It gets better

I grew up in rural Canada during the 60s. The Civil Rights movement of that era was just a distant rumble that didn’t penetrate in the consciousness of a young boy on a farm outside of Schomberg, Ontario. I think I heard when Martin Luther King was killed, but I had no idea who he was or why that was important.

So learning about it later, I have always wondered if I had been in the thick of it, would I have been on the right side. Maybe not marching to Selma, but at least not bad mouthing the people fighting for justice and freedom. And maybe, just maybe, offering them praise, monetary support, votes and doing whatever slactivism I could muster up. I mean, it seems to obvious now which side was the right side, but would it have seemed that way then?

And so I find myself looking at the current fight that’s going on by an oppressed minority, demanding the rights that they should have had from the beginning, and I think of it as “our” civil rights campaign, even though it’s not my civil rights I’m fighting for. It’s a chance to do something, so that in ages hence, I can say “yes, I did the right thing”. And so I am. Thanks to the New York Senate for finally passing this marriage equality bill. Thanks to Messiah Lutheran Church for becoming a “Reconciled” congregation. Thanks to the many ways, small and large that we’re winning this battle. We got to keep chiseling chunks out of the stone of ignorance.

Help me, smart people

This is how the v-rack is attached to the rack
This is my new v-rack. The connection is simple and strong, but it’s too simple for me. It doesn’t allow for access to my hatchback – I could probably get it open a tiny bit, but I’m afraid of the sharp edge of the square bar and what it would do to the glass of the hatch. What I want is either a quick and easy way to remove the rack entirely, or to undo the back clamp and pivot the whole thing forward around the front clamp, or even better, a quick and easy way to loosen up the connection once I take the boat off, so that I can slide the whole rack forwards so it’s not interfering with the hatch, and then slide it back and tighten it up again.

Some of the ideas I’ve had:

  • A quick release skewer from a bike. Not sure if I could get the size I want or whatever.
  • Something like a cable clamp, preferably one that goes over center and locks down really well.
  • Something like a cotterless hitch pin.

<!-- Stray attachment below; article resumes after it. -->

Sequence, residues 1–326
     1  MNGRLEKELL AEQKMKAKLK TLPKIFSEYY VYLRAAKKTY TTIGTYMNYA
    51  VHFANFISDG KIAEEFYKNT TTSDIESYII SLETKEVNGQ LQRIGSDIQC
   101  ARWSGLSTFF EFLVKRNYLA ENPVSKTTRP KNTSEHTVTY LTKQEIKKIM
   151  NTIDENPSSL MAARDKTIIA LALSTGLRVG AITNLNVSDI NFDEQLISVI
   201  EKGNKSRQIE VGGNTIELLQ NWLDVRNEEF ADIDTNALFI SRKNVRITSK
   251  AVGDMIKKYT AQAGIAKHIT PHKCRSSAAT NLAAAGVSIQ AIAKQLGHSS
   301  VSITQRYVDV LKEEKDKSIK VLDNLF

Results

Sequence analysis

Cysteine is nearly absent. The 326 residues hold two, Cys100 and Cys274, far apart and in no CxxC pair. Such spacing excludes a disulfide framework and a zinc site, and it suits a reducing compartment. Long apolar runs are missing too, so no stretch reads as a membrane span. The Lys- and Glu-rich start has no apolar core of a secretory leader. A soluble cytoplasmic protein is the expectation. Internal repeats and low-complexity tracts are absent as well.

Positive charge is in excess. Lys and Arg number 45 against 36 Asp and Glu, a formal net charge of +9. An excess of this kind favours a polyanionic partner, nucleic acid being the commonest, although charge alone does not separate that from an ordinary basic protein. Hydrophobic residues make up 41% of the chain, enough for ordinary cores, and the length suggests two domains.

• A plastic knob or wing nut to make it easier to unscrew.

Better ideas, or better explanations of my half-assed ideas above would be welcomed in the comments.

I’m back, baby

I paddled for the first time since my shoulder got bad, back in October. I didn’t go far, but that wasn’t the point. It was a chance to see how fit I am (terribly unfit), how fat I am (again, terrible – I couldn’t do up my PFD), how bad my shoulder is (not as bad as I thought based on experiments on the erg), how badly my technique has fallen apart (not bad at all), how bad my balance in the boat is (pretty bad – I nearly dumped several times and the boat was wobbling back and forth like a crazy thing).

I was also checking out the fit of my old rack on my new car. I originally bought this rack for my 2001 Corolla, and with the replacement of a couple of “Q-clips”, it has been on the Corolla, the Prius and now the CR-Z. It’s a little beat-up looking and the bars are ridiculously close together, but it’s on strongly enough that I can grab them and rock the car back and forth. I tied down my surf ski on top, and it actually held on pretty good, but then again I was only going a short distance on slow roads. I wouldn’t want to go anywhere other than Baycreek until I get my V-bars.

The last thing I wanted to check out was my new “million dollar” idea. I bought a coffee maker at the garage sale last month, and I cut out the “bubble pump”, a tiny one-way check valve that allows the hot water to flow up out of the reservoir into the grounds. I attempted to fit it in the venturi of the ski, figuring that would allow water to drain out at speed like it’s supposed to, but not to flow back in when you’re stopped, which is a pain in the ass at the start of a race. Unfortunately, I didn’t glue it in right, and water was flowing in around it. Even worse, it came out towards the end, and when I was getting out of the boat, I managed to lose it overboard.

Oh, that’s another thing I had problems with. When I finished, I approached the dock, and realized I was on the bad shoulder side. So I spun around (which unfortunately involved back-paddling on my bad side). But when I approached the dock, I still thought it felt a bit high. So I went to the other dock, the one the rental boats go in and out of. It’s much lower. I did my usual “sprawl onto the dock as the ski leans over on its side” ungraceful exit, but at least I ended up on the dock and not in the mucky water.

Overall, I probably paddled a little more than a mile and a half. I purposely didn’t bring my GPS because I didn’t want any incentive to go further or faster than I should. I had to rest a lot, but mostly because of how out of shape I am, not how sore my shoulder is. It feels easier in the boat than on the erg – last time I tried the erg, I was barely able to do 1000 metres (0.6 miles) in 200 metre increments. I’m going to try taping over some of the holes in the fan on the erg to see if reducing the resistance makes it more life-like at the slow speeds I’m paddling these days. But I tried to keep a good technique going while I was paddling, and I think that part at least hasn’t deteriorated too badly.

Man it feels good to be back.